They say that Russia is a technically backward country, there are no roads, robotics do not develop, rockets do not fly, and mail goes too long. It’s bullshit.
[h/t Feral Irishman]
KMAC2021 has been around a while, does some great short videos and has close to a million fans on the Utoobage. He does some serious stuff, too.
Marcus King started learning guitar at age three or four, played professionally since he was 11. He’s a fourth-generation musician; his grandfather was a country guitarist, and his father, Marvin King, continues to perform live.
Musicians from around the globe, assembled by Playing For Change, covered the NOLA staple Iko Iko in style. It features Dr. John (in one of his last recordings), the Grateful Dead’s Bill Kreutzmann and Mickey Hart, New Orleans’ favorites Ivan Neville, Donald Harrison and George Porter, Jr.
Yep. There’s some stuff alright. Have a great weekend
and try not to annoy too many people on social media. See you tomorrow.
[More images at the source.]
A puddle from Yuzhno-Sakhalinsk, Russia, decided to celebrate its 25th anniversary by creation of its own Instagram account.
[Images and caption found here.]
[All images found in here. Click to enlarge.]
Russian Докторская колбаса (Doctor’s sausage) had it’s origins in the United States.
The Bolsheviks mismanaged food production resulting in a widespread famine, so in 1936 Josef Stalin sent his food industry administrator to find out what the Americans were doing. Anastas Mikoyan found a lot of bologna.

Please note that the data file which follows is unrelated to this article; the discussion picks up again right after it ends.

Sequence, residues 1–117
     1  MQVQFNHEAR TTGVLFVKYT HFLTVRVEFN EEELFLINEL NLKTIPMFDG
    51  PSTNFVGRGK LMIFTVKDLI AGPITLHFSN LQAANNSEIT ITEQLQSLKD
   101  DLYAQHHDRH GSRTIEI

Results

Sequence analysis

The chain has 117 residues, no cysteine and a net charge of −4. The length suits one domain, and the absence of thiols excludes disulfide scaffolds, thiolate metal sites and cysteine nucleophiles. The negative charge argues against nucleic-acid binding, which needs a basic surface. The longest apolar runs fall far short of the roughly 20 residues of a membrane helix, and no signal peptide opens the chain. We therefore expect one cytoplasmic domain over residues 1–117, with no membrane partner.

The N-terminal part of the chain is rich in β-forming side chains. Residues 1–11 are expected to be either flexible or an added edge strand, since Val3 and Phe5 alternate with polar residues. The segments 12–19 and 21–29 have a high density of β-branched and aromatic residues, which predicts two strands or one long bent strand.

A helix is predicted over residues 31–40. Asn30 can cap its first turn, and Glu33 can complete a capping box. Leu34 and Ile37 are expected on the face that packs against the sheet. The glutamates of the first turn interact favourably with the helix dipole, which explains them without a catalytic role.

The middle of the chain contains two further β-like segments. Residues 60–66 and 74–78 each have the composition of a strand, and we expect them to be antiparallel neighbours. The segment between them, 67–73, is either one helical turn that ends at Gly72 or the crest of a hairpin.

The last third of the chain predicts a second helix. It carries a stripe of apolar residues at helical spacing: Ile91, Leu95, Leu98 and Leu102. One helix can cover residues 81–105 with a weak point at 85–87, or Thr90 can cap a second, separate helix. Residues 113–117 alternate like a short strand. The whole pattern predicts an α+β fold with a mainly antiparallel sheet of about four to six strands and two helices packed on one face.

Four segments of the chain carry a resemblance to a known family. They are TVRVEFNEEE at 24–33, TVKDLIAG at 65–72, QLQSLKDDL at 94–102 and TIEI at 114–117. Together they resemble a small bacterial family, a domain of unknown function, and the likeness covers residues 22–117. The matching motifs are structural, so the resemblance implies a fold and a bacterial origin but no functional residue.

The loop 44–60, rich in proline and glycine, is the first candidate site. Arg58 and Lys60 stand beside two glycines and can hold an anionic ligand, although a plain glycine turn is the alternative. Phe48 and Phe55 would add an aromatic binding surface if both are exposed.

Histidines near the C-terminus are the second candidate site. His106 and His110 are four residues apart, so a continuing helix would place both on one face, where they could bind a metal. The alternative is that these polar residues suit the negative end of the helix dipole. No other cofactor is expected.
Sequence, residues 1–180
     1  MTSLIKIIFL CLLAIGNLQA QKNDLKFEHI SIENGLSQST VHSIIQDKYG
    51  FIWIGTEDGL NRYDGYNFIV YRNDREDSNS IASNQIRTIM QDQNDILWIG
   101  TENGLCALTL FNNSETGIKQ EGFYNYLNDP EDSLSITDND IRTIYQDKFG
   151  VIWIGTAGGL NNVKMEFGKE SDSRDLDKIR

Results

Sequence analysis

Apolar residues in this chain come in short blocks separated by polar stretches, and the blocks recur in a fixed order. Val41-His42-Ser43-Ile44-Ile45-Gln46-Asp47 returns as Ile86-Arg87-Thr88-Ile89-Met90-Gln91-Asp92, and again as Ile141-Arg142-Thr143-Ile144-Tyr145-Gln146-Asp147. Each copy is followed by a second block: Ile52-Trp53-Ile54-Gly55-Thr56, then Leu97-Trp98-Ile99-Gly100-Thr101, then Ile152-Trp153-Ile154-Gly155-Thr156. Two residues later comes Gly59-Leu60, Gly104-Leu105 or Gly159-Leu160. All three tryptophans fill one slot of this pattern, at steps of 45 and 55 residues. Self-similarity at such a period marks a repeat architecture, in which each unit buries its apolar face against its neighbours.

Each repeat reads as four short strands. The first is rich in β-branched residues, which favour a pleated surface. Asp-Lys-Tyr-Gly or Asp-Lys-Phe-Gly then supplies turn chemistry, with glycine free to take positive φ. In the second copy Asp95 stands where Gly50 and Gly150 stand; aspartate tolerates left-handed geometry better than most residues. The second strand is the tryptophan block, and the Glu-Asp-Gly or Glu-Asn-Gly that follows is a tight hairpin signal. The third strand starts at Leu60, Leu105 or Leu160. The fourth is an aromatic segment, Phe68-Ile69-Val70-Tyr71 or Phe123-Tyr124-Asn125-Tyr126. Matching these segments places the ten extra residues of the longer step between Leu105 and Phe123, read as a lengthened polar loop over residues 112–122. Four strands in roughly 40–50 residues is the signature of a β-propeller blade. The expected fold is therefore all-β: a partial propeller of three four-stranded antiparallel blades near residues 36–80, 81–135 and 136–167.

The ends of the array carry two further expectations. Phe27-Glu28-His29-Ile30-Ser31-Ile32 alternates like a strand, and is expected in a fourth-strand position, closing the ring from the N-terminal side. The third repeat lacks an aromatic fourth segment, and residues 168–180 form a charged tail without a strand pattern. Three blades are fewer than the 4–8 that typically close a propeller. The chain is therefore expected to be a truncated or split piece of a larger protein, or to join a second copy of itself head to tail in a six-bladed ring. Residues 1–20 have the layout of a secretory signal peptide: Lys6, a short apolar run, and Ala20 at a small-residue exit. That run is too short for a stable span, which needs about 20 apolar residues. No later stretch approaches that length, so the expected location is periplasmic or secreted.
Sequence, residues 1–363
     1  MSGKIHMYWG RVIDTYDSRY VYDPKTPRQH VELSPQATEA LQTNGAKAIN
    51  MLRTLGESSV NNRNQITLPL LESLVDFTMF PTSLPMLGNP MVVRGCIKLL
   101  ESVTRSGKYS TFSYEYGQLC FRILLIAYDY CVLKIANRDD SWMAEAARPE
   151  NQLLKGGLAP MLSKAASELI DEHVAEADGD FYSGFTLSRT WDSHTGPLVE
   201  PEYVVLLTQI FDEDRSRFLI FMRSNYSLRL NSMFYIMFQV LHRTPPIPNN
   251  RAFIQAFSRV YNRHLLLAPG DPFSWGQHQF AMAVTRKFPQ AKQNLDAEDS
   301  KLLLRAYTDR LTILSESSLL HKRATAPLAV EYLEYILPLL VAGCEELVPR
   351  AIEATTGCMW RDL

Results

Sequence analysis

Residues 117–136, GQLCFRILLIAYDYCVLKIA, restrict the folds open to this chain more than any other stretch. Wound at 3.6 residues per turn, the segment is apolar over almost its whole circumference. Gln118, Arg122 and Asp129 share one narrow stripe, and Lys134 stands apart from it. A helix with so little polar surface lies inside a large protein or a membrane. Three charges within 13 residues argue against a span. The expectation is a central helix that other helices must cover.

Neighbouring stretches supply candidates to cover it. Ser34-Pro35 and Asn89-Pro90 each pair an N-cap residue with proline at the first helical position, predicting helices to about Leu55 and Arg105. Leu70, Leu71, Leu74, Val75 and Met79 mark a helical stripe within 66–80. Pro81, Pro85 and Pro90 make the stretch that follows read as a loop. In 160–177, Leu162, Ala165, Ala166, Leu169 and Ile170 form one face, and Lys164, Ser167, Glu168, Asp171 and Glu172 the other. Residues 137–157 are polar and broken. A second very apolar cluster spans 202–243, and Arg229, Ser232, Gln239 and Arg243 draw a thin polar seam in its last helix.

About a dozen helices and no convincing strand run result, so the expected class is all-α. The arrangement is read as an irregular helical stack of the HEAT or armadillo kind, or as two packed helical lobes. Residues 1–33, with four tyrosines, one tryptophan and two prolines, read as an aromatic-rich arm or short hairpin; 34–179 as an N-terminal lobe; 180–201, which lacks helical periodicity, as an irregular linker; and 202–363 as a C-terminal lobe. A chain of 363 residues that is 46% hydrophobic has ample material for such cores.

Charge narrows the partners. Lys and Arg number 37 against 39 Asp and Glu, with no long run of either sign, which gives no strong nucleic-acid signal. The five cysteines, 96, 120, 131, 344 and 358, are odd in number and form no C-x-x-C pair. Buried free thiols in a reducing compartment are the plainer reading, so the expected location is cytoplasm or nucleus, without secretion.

Here is the exact recipe of Doktorskaya kolbasa that was used as industry standard from 1936 till 1974:
Quantities of ingredients to produce 100 kg of Doktorskaya kolbasa:
- 25 kg of beef meat
- 70 kg of semi-lean pork meat
- 3 liters of milk
- 2 liters of eggs
- 2 kg of salt and 200 gr of sugar
- 30 gr of cardamom
- 50 gr of ascorbic acid (color stabilizer)
Manufacturing technology included dicing and mixing all ingredients in a homogenous paste, filling the tubes and later drying and boiling the sausage. Final product was incredibly tasty and quite healthy.
At least it was tasty and healthy enough for those who hadn’t starved to death during the famine, or slaughtered during Большой террор.
[Image found in here, story here.]
[Russian toy vending machine found here.]
[Found here, here and here.]